UN Rights Commission Investigates Eritrea

Three-member commission will start collecting first-hand information from victims and other witnesses in Switzerland and Italy next week More

Featured Videos

Your JavaScript is turned off or you have an old version of Adobe's Flash Player. Get the latest Flash player.
Ebola Economic Toll Stirs W. Africa Food Security Concernsi
X
November 19, 2014 11:39 PM
The World Bank said Wednesday that it expects the economic impact of the Ebola outbreak on the sub-Saharan economy to cost somewhere betweenf $3 billion to $4 billion - well below a previously-outlined worst-case scenario of $32 billion. Some economists, however, paint a gloomier picture - warning that the disruption to regional markets and trading is considerable. Henry Ridgwell reports from London.
Video

Video Ebola Economic Toll Stirs W. Africa Food Security Concerns

The World Bank said Wednesday that it expects the economic impact of the Ebola outbreak on the sub-Saharan economy to cost somewhere betweenf $3 billion to $4 billion - well below a previously-outlined worst-case scenario of $32 billion. Some economists, however, paint a gloomier picture - warning that the disruption to regional markets and trading is considerable. Henry Ridgwell reports from London.
Video

Video Mexico Protests Escalate Over Disappearances

Protests in Mexico over 43 students missing since September continue to escalate, reflecting growing anger among Mexicans about a political system they view as corrupt, and increasingly tainted by the drug trade. Mounting outrage over the disappearances is now focused on the government of President Enrique Pena Nieto, accused of not doing enough to end insecurity in the country. More from VOA's Victoria Macchi.
Video

Video US Senate Votes Down Controversial Oil Pipeline - For Now

The U.S. Senate has rejected construction of a controversial pipeline to transport Canadian oil to American refineries. The $5 billion project still could be approved next year, but it faces a possible veto by President Barack Obama. As VOA’s Michael Bowman reports, the pipeline has exposed deep divisions in Congress about America’s energy future.
Video

Video Can Minsk Cease-fire Agreement Hold?

Growing tensions between government troops and separatists in eastern Ukraine further threaten a cease-fire agreement reached two months ago in the Belarusian capital of Minsk. Critics of U.S. policy in Ukraine say it is time the Obama administration gives up on that much-violated cease-fire and moves toward a new deal with Russia. VOA's Scott Stearns has more.
Video

Video Chaos, Abuse Defy Solution in Libya

The political and security crisis in Libya is deepening, with competing governments and, according to Amnesty International, widespread human rights violations committed with impunity. VOA’s Al Pessin reports from London.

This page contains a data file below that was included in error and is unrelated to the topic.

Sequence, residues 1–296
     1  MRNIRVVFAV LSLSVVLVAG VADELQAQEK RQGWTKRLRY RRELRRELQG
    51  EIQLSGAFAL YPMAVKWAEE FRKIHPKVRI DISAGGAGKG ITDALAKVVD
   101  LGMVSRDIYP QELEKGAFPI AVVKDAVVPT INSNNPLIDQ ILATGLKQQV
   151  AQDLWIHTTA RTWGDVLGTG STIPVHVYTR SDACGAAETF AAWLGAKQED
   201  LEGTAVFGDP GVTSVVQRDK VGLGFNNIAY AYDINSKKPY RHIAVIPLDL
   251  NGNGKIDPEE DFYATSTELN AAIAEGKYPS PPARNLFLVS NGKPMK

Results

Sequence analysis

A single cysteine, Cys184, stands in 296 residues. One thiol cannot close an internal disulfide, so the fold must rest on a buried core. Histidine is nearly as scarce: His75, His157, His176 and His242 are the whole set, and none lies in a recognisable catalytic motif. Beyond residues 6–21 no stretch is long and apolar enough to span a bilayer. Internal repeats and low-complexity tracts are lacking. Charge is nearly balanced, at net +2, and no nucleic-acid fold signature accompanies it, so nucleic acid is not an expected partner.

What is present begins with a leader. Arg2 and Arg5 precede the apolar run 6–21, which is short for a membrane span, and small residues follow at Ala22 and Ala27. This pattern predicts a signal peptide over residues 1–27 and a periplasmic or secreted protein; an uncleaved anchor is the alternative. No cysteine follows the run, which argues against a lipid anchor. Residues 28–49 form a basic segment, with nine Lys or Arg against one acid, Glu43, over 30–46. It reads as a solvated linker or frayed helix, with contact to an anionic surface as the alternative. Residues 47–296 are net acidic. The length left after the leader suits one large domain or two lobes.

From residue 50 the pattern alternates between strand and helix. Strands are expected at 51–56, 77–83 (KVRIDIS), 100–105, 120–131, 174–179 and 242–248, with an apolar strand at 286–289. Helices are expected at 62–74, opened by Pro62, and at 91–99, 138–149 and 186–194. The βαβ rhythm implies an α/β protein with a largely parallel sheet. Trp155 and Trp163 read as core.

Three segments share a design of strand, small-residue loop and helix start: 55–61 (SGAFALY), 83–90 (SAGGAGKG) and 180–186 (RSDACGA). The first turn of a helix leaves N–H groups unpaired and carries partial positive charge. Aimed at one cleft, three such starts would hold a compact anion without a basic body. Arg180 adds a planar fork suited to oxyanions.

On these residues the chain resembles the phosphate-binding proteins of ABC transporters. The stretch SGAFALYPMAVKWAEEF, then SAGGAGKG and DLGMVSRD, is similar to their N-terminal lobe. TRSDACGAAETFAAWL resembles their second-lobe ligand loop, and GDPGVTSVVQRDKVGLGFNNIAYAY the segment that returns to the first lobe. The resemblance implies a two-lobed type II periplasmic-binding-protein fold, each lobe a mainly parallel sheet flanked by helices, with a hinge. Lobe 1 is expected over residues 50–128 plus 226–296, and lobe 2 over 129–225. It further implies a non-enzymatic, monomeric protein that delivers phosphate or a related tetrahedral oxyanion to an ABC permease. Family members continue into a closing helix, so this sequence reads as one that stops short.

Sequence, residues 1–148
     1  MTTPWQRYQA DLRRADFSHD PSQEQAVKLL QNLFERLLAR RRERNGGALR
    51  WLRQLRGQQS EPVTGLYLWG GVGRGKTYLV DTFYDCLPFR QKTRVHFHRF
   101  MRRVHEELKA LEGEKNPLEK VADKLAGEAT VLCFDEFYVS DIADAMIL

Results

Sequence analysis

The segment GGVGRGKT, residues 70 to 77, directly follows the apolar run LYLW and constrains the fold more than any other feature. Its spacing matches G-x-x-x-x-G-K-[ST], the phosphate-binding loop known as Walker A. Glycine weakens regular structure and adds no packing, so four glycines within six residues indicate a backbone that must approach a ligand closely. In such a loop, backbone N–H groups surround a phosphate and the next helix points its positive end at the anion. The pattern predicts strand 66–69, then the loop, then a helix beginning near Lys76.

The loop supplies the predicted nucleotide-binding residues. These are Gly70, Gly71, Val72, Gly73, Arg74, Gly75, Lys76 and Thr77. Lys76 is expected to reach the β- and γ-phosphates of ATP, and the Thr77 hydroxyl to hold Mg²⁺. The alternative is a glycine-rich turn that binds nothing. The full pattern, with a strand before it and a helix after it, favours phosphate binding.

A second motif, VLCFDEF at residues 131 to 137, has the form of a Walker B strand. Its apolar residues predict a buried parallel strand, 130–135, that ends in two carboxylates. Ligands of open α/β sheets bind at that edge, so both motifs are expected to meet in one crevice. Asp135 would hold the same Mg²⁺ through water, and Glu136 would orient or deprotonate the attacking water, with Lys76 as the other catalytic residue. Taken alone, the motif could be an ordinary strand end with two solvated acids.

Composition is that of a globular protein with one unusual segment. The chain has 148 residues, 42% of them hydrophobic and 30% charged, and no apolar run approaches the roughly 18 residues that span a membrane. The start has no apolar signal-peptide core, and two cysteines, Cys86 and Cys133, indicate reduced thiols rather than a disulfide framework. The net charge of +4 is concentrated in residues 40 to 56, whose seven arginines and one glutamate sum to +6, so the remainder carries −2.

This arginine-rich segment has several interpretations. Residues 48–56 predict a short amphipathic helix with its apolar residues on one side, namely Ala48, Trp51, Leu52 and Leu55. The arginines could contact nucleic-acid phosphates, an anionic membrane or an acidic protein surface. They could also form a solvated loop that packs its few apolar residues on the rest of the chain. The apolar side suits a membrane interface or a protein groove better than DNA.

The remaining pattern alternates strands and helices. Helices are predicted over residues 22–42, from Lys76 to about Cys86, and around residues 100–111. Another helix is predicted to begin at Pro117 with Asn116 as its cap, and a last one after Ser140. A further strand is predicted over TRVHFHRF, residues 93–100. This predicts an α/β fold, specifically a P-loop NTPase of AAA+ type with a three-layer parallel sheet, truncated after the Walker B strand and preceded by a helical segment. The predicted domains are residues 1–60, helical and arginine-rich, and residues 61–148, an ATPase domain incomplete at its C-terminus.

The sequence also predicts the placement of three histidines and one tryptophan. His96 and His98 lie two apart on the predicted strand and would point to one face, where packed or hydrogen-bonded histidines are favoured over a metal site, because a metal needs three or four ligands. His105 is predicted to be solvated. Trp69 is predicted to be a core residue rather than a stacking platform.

Video

Video US Hosts Record 866,000 Foreign Students

Close to 900,000 international students are studying at American universities and colleges, more than ever before. About half of them come from Asia, mostly China. The United States hosts more foreign students than any other country in the world, and its foreign student population is steadily growing. Zlatica Hoke reports.
Video

Video Ferguson Church Grapples with Race Relations

Many white residents of Ferguson, Missouri, say they chose to live there because of the American Midwest community's diversity. So, they were shocked when a white police officer killed an unarmed black teenager in August – and shaken by the resulting protests and violence. Some local churches are leading conversations on how to go forward. VOA’s Ayesha Tanzeem reports.
Video

Video What Jon Stewart Learned About Iran From 'Rosewater'

Jon Stewart, host of the satirical news program "The Daily Show" talks with Saman Arbabi of Voice of America's Persian service about Stewart's directorial debut, "Rosewater."
Video

Video Lebanese Winemakers Thrive Despite War Next Door

In some of the most volatile parts of Lebanon, where a constant flow of refugees crosses the border from Syria, one industry continues to flourish against the odds. Lebanese winemakers say after surviving a brutal civil war in the 1970s and 80s, they can survive anything. Heather Murdock has more for VOA from the Bekaa Valley in Lebanon.
Video

Video China's Rise Closely Watched

China’s role as APEC host this week allowed a rare opportunity for Beijing to showcase its vision for the global economy and the region. But as China’s stature grows, so have tensions with other countries, including the United States. VOA’s Bill Ide in Beijing reports on how China’s rise as a global power is seen among Chinese and Americans.

All About America

AppleAndroid